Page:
You don’t have to tackle the Inca Trail or Mt. Kilimanjaro in order to enjoy a hike through some magnificent landscapes. Here are seven awe-inspiring walks that can each be completed in a few hours.
Uluru (Ayers Rock), Australia
This iconic Australian destination is a striking 1,142-foot-high sandstone rock formation that is considered sacred by the local Aboriginals. Although it’s possible to make a half-mile climb to the top, the Aboriginals discourage this because of the site’s spiritual significance. A better option is to do the 6-mile Base Walk around the circumference of Uluru. You’ll not only enjoy beautiful views, but will also have a chance to see ancient rock paintings. If you’re not up for the full 6-miles, there are shorter trails in the area.
The lost city of Petra is accessible even if you’re not Indiana Jones. Near the Jordanian town of Wadi Musa, a one-mile walk will take you to Petra’s ancient ruins. Half of this trek is through the Siq, a narrow gorge that winds dramatically between 600-foot rock faces before suddenly opening to the stunning view of Al Khazneh, or “The Treasury.” Once you’re at Petra, there are other hikes that will take you to 2,000-year-old temples, tombs and other ruins built by the Nabataean people.
The region of Cappadocia, in central Turkey, is an otherworldly setting of bizarrely beautiful rock formations. Most fantastic of all are the fairy chimneys, which were named because the shapes are so eccentric they appear to be the work of fairies. There are numerous local hikes that you can enjoy, ranging from about one to five miles, through places like Love Valley, Rose Valley and Honey Valley. Some of them are easy local walks and others involve a trek between villages, but all of them take in one of the most spectacular landscapes you can imagine.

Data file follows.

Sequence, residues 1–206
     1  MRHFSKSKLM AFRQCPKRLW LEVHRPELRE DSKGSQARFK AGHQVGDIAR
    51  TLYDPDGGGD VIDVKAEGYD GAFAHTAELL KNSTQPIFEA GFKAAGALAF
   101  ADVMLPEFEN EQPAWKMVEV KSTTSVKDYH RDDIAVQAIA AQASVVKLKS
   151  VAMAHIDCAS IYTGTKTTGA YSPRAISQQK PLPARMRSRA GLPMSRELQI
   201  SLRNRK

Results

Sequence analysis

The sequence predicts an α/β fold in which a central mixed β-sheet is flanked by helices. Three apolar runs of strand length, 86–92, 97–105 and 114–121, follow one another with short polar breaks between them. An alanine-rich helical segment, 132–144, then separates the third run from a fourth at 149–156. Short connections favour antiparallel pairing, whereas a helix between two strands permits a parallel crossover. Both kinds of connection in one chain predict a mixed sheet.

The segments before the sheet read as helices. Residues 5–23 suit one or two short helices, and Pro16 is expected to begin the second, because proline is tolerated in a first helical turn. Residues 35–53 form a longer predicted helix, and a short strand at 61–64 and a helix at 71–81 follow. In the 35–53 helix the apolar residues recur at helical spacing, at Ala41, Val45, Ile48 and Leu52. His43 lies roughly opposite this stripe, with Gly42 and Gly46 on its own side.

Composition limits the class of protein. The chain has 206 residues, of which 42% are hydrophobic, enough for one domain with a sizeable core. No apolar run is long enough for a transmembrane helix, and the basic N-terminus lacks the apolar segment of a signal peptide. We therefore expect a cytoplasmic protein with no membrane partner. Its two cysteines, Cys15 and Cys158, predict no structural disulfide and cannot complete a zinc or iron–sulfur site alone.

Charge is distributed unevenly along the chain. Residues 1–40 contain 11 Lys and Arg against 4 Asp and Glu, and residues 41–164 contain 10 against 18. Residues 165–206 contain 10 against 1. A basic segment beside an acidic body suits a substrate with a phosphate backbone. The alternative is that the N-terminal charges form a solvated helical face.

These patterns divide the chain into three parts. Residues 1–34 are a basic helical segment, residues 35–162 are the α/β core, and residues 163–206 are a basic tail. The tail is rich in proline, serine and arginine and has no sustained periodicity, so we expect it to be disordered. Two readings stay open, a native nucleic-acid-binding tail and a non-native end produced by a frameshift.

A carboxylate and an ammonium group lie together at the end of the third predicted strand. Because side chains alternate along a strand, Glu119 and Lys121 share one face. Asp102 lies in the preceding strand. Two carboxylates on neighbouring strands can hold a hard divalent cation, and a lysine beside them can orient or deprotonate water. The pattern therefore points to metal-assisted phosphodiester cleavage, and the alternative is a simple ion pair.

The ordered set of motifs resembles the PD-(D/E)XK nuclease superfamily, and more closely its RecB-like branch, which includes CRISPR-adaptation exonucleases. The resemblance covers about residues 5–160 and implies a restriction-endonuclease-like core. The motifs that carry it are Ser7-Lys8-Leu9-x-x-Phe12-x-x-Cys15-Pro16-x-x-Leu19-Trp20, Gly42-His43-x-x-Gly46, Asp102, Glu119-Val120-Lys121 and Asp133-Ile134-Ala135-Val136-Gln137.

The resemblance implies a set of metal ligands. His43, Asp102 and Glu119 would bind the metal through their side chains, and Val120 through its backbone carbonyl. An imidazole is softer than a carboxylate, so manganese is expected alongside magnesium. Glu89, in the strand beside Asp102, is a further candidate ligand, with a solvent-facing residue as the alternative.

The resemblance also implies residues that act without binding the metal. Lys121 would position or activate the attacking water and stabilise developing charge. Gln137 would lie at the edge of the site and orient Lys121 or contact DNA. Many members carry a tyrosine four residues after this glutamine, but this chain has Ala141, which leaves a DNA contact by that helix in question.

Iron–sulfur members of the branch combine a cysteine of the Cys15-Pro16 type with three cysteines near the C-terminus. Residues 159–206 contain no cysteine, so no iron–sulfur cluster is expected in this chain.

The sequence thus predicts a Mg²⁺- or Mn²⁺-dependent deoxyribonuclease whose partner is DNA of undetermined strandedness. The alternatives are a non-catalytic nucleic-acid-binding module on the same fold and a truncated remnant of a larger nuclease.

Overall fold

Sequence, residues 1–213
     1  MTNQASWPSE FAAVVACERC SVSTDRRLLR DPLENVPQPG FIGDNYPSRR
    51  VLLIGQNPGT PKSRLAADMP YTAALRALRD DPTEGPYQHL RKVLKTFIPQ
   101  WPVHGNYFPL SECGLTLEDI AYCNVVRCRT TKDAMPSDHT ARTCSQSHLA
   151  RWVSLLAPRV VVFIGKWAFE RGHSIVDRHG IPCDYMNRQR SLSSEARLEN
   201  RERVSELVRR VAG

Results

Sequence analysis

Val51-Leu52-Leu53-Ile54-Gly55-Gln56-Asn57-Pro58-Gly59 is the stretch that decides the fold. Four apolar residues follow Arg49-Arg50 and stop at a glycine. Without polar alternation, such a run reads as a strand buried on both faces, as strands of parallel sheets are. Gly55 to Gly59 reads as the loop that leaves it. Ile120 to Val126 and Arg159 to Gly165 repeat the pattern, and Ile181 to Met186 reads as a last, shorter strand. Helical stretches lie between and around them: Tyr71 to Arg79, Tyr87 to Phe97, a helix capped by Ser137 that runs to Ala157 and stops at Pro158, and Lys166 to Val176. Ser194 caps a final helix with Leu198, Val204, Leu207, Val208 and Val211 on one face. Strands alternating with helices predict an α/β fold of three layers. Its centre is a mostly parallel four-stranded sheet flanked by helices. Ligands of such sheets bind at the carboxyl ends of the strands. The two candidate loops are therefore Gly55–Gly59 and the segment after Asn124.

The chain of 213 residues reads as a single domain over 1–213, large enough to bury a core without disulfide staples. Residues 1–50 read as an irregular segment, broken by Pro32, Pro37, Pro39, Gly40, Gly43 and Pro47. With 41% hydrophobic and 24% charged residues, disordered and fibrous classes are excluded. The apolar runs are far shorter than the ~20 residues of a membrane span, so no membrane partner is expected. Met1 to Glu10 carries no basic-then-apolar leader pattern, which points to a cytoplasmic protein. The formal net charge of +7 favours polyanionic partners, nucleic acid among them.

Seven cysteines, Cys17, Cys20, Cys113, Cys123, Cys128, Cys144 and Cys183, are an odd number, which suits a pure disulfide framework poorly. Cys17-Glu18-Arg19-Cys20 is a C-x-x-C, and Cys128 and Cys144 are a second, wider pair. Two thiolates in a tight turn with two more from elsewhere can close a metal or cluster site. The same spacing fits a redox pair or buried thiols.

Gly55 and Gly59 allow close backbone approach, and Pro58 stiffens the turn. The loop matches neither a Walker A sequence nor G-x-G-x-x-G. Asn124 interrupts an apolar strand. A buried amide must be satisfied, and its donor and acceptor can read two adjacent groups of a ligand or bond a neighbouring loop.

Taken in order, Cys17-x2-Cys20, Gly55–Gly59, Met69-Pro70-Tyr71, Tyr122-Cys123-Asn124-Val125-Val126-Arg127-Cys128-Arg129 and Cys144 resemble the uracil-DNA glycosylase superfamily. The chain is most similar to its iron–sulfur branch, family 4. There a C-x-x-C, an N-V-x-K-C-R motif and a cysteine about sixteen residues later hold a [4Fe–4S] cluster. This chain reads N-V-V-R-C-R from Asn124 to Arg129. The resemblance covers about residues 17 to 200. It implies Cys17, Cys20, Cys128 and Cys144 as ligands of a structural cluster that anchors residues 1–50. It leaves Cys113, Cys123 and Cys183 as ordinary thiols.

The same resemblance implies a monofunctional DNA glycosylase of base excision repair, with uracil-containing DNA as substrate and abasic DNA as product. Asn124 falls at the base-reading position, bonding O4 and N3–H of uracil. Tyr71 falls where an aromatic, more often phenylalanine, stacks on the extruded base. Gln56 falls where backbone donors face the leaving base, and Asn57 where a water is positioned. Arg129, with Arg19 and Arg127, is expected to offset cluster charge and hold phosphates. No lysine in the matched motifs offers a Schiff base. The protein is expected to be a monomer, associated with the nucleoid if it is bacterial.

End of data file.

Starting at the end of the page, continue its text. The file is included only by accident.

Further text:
Grand Canyon, Arizona, USA
The Grand Canyon is aptly named: it’s 277 miles long and 18 miles wide at its greatest breadth. Every type of hiking opportunity is available, from a simple walk along the rim to a multi-day trip into the canyon. The 9.5-mile rim trail is mostly level and partly paved. It’s also serviced by a shuttle bus, so you can spend as much or as little time as you wish enjoying the spectacular vistas. For a more intimate and rugged view of the canyon, there are day hikes along the Bright Angel, South Kaibab and other trails.
Great Wall, China
The Great Wall of China is a must-see for travelers to Beijing and, although you can enjoy the sight without getting much exercise, in order to really experience the wall you should walk part of it. It can involve climbing hundreds of steps where the wall hugs steep hills, so it’s not a leisurely stroll in the park. But it’s well worth the exertion to gaze upon the jade-colored Chinese hills and to experience a structure that stretches for thousands of miles and was first built more than two millennia ago.
Huayna Picchu, Peru
The name Huayna Picchu may not be immediately familiar, but it’s the peak that serves as the backdrop to the most famous view of the Macchu Picchu ruins in Peru. Yes, it’s steep, but it is walkable. A few hundred people are allowed on the trail each day to climb towards the sky along a pathway and stairs that were carved into the mountainside by the Incas. It takes an hour or two of panting to reach the top, from where you can look down majestically on the ruins of Macchu Picchu and the surrounding Peruvian countryside.
National Mall, Washington, D.C., USA
It’s hard not to feel a tinge of awe along the National Mall in Washington, D.C., regardless of your politics. From the U.S. Capitol, it’s 1.9-miles to the Lincoln Memorial. Along the way, you’ll pass the White House and Washington Monument, you can relive such historic events as Martin Luther King’s “I Have a Dream” speech, and you can visit numerous Smithsonian museums and other memorials. The round trip journey is just under four miles and it’s truly a memorable urban hike.
Photo credits – Bob Riel (Macchu Picchu) and Thomas Schoch via Wikimedia Commons (Uluru).